|Who is it?||Authored books related to spirituality, lectures and spiritual conferences|
|Birth Day||September 04, 1931|
|Birth Place||India, Indian|
|Age||89 YEARS OLD|
|Died On||2 June 1987(1987-06-02) (aged 55)\nNew York, New York|
|Occupation||Jesuit priest, author|
|Known for||Spiritual writings and teachings Ignatian spirituality|
De Mello was the oldest of five children born to Frank and Louisa née Castellino de Mello. He was born in Bombay, British India, on 4 September 1931. He was raised in a Catholic family and dreamed of one day joining the Jesuit order. As a teen, he entered the Society of Jesus in Bombay. He was ordained into the priesthood in March 1961.
In 1972, he founded the Institute of Pastoral Counselling, later renamed the Sadhana Institute of Pastoral Counseling, in Poona, India. After that he spent much time introducing people in the United States to Eastern spirituality, through stories and exercises.
De Mello died suddenly of a heart attack in 1987, aged 55, in New York City.
In 1998, 11 years after de Mello's death, the Congregation for the Doctrine of the Faith under the leadership of its Cardinal-Prefect, Joseph Ratzinger (who later became Pope Benedict XVI) conducted a review of de Mello's work and released a lengthy comment expressing appreciation but also theological concern that, while there was no explicit heresy, some might be misled into seeing Jesus not as the Son of God but as simply one who came to teach that all are children of God. The Indian magazine Outlook saw this as an attempt by Rome to undermine the clergy in Asia amid widening fissures between Rome and the Asian Church. DeMello's books are available in many Catholic bookshops in the West, but include the advisory that they were written in a multi-religious context and are not intended to be manuals on Christian doctrine.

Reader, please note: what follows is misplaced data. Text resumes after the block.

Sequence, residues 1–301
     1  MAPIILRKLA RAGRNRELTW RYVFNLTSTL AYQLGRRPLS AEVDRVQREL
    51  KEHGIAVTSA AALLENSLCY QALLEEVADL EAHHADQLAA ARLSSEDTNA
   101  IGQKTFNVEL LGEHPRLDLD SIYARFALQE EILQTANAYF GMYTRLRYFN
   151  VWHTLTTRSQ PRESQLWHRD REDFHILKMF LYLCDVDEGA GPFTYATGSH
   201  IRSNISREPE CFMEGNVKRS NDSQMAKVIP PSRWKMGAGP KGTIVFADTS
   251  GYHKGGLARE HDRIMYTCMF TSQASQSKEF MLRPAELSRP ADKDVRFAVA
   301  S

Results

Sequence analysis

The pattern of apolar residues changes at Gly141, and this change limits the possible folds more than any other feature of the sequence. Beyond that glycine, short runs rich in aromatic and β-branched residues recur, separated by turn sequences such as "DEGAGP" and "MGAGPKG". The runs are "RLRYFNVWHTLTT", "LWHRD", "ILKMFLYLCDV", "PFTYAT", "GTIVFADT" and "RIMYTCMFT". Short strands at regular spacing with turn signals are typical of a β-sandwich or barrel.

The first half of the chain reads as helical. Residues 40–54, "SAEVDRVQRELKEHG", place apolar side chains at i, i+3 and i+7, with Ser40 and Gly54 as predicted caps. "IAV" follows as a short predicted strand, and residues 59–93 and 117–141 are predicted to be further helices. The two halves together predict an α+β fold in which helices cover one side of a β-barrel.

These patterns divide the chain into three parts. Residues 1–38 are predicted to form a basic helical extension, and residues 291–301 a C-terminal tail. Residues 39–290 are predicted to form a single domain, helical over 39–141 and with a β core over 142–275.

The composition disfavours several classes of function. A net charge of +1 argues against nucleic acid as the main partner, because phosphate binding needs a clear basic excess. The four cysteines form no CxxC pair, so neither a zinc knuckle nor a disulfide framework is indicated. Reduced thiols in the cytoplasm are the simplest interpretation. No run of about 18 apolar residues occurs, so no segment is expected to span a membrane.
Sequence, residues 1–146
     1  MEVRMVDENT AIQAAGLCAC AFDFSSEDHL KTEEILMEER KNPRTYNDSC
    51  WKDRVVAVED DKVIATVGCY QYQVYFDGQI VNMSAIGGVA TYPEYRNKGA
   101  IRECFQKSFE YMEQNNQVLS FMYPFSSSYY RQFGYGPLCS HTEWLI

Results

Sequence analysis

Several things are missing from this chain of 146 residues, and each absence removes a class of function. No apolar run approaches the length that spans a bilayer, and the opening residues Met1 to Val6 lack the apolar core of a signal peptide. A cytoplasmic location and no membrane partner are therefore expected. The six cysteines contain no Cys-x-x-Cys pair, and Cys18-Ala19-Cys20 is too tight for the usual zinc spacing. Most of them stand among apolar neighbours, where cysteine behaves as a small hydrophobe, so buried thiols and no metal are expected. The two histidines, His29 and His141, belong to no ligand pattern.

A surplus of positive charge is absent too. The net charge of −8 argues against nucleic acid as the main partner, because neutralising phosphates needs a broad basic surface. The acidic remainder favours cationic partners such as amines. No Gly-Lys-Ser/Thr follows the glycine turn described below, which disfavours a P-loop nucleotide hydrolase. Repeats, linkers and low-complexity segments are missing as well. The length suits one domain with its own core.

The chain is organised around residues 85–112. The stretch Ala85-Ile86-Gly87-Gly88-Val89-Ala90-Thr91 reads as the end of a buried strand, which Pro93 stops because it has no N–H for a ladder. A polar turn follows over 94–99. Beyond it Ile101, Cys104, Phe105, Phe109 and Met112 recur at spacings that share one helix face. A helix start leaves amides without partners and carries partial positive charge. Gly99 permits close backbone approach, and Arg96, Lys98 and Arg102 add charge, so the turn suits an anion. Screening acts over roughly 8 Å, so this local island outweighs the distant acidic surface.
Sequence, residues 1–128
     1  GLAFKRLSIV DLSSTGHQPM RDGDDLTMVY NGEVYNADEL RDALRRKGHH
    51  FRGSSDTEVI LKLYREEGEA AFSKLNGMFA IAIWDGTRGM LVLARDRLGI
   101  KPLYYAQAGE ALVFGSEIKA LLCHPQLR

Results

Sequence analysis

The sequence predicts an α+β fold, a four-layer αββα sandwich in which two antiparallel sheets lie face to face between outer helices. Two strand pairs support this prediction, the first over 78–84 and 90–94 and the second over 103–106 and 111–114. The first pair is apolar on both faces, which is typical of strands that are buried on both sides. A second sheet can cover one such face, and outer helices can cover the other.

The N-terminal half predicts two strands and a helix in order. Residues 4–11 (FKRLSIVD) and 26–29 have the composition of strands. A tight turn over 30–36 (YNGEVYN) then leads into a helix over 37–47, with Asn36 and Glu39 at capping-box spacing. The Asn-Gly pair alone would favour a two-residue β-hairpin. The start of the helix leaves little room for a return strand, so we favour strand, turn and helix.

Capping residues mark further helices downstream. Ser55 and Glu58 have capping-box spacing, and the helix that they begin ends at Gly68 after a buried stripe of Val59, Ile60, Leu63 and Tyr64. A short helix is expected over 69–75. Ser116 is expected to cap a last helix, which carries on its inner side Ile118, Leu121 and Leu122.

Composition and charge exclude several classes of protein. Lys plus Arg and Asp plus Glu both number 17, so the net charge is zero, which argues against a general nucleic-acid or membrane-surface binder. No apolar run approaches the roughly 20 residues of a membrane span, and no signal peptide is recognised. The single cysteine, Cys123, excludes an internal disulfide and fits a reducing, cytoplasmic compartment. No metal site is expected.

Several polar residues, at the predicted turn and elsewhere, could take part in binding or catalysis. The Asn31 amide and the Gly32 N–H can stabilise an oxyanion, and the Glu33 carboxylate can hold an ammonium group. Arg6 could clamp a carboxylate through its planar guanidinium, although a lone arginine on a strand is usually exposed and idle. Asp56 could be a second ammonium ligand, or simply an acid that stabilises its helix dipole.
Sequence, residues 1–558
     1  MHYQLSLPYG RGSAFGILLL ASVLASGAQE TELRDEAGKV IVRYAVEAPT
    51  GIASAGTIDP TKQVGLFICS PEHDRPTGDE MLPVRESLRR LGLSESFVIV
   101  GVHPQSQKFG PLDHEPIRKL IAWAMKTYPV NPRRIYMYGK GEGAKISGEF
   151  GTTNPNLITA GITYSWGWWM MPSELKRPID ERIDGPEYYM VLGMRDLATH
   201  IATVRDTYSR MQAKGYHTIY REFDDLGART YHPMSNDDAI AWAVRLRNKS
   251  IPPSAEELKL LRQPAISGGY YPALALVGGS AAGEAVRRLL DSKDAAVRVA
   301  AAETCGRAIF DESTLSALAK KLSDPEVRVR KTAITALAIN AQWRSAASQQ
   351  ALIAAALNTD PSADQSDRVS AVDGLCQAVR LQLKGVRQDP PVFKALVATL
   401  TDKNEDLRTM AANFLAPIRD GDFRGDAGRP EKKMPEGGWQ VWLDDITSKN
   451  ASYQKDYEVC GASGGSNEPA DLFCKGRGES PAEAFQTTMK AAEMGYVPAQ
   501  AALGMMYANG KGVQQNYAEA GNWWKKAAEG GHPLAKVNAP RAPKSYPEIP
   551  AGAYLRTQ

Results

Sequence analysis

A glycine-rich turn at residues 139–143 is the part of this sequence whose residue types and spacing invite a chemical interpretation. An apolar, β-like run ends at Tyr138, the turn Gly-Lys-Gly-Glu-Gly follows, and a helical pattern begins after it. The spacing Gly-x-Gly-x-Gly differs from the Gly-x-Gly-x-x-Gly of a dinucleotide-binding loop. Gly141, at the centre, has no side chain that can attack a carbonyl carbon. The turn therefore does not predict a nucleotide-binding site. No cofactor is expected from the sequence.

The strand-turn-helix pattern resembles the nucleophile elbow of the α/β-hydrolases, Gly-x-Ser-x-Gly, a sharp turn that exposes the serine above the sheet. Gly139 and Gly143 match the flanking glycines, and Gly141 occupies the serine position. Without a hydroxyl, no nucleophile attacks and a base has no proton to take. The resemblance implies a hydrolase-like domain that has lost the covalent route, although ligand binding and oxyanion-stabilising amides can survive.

De Mello's first published book, Sadhana – A way to God, was released in 1978. It outlined a number of spiritual principles and "Christian exercises in Eastern form" inspired by the teachings of Saint Ignatius. It popularized the notion of "awareness prayer" in the United States for his readers and for those who attended his lectures. Awareness prayer differs from centering prayer more in its method than its purpose: instead of focusing on a word, awareness prayer attends to a sensation, like our pulse or breathing. Other books published during DeMello's lifetime include The Song of the Bird, One Minute Wisdom and Wellsprings. The first two were collections of stories and the last a collection of exercises similar to Sadhana.